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  #161  
Old Posted Nov 19, 2010, 12:49 AM
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Governments routinely build entire new stadiums to attract and keep teams. But for some reason, when it's preserving an old stadium for a far lower cost, people are up in arms? It makes no sense.
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  #162  
Old Posted Nov 19, 2010, 3:57 AM
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Quote:
Originally Posted by BWChicago View Post
Governments routinely build entire new stadiums to attract and keep teams. But for some reason, when it's preserving an old stadium for a far lower cost, people are up in arms? It makes no sense.
No, this makes perfect sense:

1) This is a guy who bought the team for $900m and now expects handouts for construction? He should have priced this in if it's such a big burden that he can't handle it himself. It's insulting to come to the government a mere year after the purchase asking for help. Does he think we're idiots, or is he an idiot for failing to do due diligence? It's one or the other (or maybe both) and either way, the answer isn't good.

2) The proposed plan is WAY more than merely preserving a landmark --- it also includes a great deal of stadium modifications and new construction that will increase his revenue . This would be much different if he were asking for state-backed bonds for the specific purpose of $X million for rehabilitation of the stadiums structural elements to ensure safety and stability for this heritage landmark for decades to come. But no; this is asking for the government to carry his business risk while letting him reap any upside reward: it's unethical and insulting.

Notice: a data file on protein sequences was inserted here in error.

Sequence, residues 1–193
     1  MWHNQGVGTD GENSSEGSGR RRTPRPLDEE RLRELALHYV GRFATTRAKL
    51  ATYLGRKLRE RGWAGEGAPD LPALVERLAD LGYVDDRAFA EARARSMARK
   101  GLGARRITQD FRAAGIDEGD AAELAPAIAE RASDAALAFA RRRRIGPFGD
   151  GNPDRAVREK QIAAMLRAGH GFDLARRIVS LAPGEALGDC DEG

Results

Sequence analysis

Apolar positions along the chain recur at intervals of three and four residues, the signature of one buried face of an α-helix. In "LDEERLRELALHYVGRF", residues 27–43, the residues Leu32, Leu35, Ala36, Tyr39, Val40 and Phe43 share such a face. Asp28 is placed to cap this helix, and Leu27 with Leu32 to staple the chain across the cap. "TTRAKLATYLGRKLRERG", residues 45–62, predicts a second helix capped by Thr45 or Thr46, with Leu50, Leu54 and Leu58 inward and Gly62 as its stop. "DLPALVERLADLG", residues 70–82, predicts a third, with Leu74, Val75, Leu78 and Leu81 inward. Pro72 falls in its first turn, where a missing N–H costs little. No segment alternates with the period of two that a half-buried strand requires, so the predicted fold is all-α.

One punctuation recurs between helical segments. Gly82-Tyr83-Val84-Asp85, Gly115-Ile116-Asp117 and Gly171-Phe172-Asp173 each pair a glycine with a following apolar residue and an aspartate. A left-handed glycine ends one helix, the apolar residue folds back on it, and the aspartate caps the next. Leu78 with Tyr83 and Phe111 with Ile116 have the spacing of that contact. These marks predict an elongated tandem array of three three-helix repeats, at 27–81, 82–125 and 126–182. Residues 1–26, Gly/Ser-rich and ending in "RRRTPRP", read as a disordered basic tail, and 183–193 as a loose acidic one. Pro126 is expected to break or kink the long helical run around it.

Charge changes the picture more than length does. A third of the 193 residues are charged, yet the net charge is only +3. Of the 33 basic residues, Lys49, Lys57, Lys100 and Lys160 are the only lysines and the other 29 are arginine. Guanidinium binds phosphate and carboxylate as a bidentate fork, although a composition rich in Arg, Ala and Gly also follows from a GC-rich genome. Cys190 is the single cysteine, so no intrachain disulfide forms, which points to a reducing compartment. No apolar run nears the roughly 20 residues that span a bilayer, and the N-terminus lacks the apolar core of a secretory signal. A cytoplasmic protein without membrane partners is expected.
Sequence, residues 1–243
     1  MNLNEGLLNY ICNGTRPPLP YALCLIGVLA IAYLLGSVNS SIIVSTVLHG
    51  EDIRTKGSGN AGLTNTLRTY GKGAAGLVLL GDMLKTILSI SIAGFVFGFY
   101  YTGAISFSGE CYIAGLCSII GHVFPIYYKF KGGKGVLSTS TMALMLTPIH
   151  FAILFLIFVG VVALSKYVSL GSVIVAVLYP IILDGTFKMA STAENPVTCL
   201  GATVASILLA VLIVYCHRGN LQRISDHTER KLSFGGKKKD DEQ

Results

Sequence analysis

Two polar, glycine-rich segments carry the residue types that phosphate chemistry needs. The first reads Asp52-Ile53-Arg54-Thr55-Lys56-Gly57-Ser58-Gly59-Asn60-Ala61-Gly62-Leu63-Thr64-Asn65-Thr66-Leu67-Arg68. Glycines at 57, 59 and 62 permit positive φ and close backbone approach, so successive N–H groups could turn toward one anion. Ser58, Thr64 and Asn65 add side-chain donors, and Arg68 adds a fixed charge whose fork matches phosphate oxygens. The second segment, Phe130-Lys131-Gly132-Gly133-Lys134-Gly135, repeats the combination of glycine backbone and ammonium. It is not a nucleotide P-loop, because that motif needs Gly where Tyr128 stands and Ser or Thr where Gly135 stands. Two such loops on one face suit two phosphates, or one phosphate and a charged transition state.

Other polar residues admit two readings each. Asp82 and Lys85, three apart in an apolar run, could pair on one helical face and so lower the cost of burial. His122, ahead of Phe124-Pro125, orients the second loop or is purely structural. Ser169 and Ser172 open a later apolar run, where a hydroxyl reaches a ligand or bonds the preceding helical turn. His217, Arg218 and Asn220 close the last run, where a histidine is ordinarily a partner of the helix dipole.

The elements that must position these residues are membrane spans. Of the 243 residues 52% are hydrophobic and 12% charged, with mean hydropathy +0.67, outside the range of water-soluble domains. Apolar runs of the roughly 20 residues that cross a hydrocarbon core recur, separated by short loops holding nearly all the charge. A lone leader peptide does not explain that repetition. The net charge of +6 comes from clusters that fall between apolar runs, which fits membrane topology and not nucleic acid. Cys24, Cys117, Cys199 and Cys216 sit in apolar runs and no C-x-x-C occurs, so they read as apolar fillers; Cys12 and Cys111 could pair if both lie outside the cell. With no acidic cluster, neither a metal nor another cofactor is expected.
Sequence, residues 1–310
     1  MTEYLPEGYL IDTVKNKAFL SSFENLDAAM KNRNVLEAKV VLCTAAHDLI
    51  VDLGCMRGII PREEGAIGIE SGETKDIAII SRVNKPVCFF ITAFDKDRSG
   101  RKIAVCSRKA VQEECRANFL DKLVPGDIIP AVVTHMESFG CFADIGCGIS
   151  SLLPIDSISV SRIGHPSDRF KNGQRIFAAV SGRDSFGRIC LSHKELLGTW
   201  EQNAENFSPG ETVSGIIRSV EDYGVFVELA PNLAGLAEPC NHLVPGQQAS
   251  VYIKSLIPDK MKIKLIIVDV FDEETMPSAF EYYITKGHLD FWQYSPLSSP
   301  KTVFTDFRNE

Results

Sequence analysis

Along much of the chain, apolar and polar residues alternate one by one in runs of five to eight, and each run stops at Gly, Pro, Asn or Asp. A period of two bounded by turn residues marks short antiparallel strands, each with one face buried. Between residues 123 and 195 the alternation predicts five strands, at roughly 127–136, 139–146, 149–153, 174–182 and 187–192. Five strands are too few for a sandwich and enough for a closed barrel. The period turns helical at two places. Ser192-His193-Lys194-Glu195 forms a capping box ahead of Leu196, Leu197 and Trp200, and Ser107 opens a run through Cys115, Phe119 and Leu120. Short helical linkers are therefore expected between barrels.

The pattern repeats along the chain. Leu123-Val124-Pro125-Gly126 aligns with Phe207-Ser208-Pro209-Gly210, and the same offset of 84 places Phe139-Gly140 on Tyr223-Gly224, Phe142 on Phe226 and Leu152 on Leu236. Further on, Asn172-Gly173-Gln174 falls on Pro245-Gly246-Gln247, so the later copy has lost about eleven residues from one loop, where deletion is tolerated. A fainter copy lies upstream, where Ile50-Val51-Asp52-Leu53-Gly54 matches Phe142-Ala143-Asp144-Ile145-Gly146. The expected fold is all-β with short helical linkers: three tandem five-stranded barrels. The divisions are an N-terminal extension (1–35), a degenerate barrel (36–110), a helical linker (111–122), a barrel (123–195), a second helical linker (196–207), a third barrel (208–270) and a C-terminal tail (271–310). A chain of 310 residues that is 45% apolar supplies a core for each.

Here's an idea: Rather than a bond issue, sell a percentage of the enterprise itself to ISFA, and let the government he's trying to fleece get a share of the new revenue it would be enabling.
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  #163  
Old Posted Nov 20, 2010, 7:40 PM
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ESPN Chicago

Updated: November 20, 2010, 11:54 AM ET

One end zone for offense at Wrigley



AP Photo/Charles Rex Arbogast
Whichever team is on offense Saturday will head toward the west [left] end zone.

Quote:
Only one end zone will be used for offense Saturday at Wrigley Field for the Illinois-Northwestern game because of safety concerns, the Big Ten announced Friday, and the Chicago Cubs said the decision caught them by surprise.

NCAA rules state the field dimensions must have adequate space surrounding the playing surface: "Limit lines shall be marked ... 12 feet outside the sidelines and the end lines, except in stadiums where total field surface does not permit. In these stadiums, the limit lines shall not be less than 6 feet from the sidelines and end lines."

Wrigley's east end zone is a few feet away from the right-field wall, and although there is padding, there were concerns players could be injured there.

Entire Article Below:

http://sports.espn.go.com/chicago/nc...ory?id=5824661



©2010 ESPN Internet Ventures.
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  #164  
Old Posted Nov 22, 2010, 12:49 AM